I used to devour this kind of stuff, I guess for the promise of magic bullets and quick fixes. And I think I'm at the stage of life where I can look back on everything that didn't give me any practical value, and feel jaded.

Which is maybe unfair because I did find some magic bullets and quick fixes (and slow fixes, which is good so long as they work), but the stuff I actually still use comes from a small number of books from the many I read.

Of course, if other people get practical benefit out of the book (or others), then fair enough. Maybe I just missed it, or it wasn't the piece of the puzzle that I needed.

But I do wonder whether people read these books, take the warm happy message away, then it fades and they're left doing exactly the same things at the table (and in their psychology) as they did before.
I wonder this because it's what I've done, many times.

I don't mean to sound overly negative. In the course of searching for great insight, you should probably expect to read a lot of stuff that doesn't hit the spot. And maybe I learned things, but in more intangible ways than being able to pinpoint any single lesson.

It's just something that I think about when I spot these books on my book shelf or wherever.


A lot depends on the order you happen to read books in. A book lays out new and useful material, "Wow, this book(A) is fantastic!" Then a year or two down the road you read another author that covers much the same ground(B), "Meh, not bad but I have read it all before." If you had read the books in reverse order then you would be singing the praises of the first you read(B) and be saying (A) was OK but mostly covered ground you already knew.

Some of the first books I read on sports medicine and the mental game covered new ground or put in writing things I knew but had never seen in print. I thought they were really something! After reading some sweeping books, I am not impressed with most instructional and mental game books I read now, by their very nature they mostly plow old ground, most of these books share much the same information.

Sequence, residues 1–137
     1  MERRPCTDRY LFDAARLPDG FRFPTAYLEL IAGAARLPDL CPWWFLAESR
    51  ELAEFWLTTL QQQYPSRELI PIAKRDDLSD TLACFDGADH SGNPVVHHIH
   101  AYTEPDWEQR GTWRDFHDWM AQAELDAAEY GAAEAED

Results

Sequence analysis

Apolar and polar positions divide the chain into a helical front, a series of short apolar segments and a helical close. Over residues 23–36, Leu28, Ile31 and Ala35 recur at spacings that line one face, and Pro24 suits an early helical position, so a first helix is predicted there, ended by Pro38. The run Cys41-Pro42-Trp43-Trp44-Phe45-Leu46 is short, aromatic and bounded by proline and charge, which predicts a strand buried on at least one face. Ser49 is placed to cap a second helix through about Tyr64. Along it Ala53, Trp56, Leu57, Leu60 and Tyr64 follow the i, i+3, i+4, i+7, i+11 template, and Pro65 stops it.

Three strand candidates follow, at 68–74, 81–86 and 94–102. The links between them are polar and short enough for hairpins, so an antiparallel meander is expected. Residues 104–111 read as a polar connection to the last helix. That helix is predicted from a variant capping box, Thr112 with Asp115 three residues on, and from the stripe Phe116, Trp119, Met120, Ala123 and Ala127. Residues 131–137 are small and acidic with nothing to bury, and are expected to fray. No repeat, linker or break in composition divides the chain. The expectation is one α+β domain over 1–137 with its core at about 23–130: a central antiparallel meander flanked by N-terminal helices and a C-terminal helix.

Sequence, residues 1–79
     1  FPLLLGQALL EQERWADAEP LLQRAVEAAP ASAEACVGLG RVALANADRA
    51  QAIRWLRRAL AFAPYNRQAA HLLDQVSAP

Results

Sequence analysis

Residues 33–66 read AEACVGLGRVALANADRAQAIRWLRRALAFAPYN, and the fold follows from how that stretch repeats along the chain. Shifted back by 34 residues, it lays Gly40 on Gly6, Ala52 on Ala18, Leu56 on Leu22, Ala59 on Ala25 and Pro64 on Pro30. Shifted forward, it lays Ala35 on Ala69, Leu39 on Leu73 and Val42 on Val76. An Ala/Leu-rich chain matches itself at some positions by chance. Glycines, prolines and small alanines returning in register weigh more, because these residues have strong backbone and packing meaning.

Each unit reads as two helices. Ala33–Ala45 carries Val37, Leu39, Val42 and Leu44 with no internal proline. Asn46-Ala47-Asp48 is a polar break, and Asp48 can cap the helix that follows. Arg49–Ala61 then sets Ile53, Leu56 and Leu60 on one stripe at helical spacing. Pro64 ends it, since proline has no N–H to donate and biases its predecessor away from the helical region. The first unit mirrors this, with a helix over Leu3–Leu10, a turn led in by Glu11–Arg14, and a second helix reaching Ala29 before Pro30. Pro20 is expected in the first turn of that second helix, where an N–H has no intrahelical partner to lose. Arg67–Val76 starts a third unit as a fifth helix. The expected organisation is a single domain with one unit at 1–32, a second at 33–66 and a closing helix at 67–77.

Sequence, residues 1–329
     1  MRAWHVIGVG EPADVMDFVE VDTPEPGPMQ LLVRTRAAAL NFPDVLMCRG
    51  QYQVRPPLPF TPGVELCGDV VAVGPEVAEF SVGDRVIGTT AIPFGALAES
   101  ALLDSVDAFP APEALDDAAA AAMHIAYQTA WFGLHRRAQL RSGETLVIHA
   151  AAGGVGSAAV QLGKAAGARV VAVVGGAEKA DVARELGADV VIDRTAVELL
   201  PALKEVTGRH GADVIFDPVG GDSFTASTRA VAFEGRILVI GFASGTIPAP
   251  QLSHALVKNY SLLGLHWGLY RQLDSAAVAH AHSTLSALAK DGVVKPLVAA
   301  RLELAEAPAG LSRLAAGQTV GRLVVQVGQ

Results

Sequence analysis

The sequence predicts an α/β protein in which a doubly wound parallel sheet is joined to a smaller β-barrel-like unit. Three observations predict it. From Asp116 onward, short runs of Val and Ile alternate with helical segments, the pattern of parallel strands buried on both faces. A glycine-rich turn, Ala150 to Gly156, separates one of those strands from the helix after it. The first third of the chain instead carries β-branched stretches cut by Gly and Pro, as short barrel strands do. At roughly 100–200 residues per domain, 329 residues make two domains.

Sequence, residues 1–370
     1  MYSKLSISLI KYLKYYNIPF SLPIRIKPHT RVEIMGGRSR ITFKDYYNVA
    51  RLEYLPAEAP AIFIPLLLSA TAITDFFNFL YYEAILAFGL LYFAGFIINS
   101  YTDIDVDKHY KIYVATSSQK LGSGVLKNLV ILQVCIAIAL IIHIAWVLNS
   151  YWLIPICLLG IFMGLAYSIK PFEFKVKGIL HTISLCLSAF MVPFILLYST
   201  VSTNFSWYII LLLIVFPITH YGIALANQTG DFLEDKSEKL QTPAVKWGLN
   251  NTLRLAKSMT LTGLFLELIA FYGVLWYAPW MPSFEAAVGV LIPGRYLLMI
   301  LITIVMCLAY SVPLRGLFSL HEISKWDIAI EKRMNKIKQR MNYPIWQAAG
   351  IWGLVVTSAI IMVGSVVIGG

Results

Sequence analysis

My favorite book isn't on the list and isn't going to be added to it. I was ready for it and it helped me immensely. Out of print and overpriced now.

Hu
 
  • Like
Reactions: Pin

Pin

Registered
A lot depends on the order you happen to read books in. A book lays out new and useful material, "Wow, this book(A) is fantastic!" Then a year or two down the road you read another author that covers much the same ground(B), "Meh, not bad but I have read it all before." If you had read the books in reverse order then you would be singing the praises of the first you read(B) and be saying (A) was OK but mostly covered ground you already knew.
True, there's probably some of that at work for me!
My favorite book isn't on the list and isn't going to be added to it. I was ready for it and it helped me immensely. Out of print and overpriced now.
Michael Quackson, I take it?
I'm considering investing, despite it being overpriced.
 

jay helfert

Shoot Pool, not people
Gold Member
Silver Member
A lot depends on the order you happen to read books in. A book lays out new and useful material, "Wow, this book(A) is fantastic!" Then a year or two down the road you read another author that covers much the same ground(B), "Meh, not bad but I have read it all before." If you had read the books in reverse order then you would be singing the praises of the first you read(B) and be saying (A) was OK but mostly covered ground you already knew.

Some of the first books I read on sports medicine and the mental game covered new ground or put in writing things I knew but had never seen in print. I thought they were really something! After reading some sweeping books, I am not impressed with most instructional and mental game books I read now, by their very nature they mostly plow old ground, most of these books share much the same information.

My favorite book isn't on the list and isn't going to be added to it. I was ready for it and it helped me immensely. Out of print and overpriced now.

Hu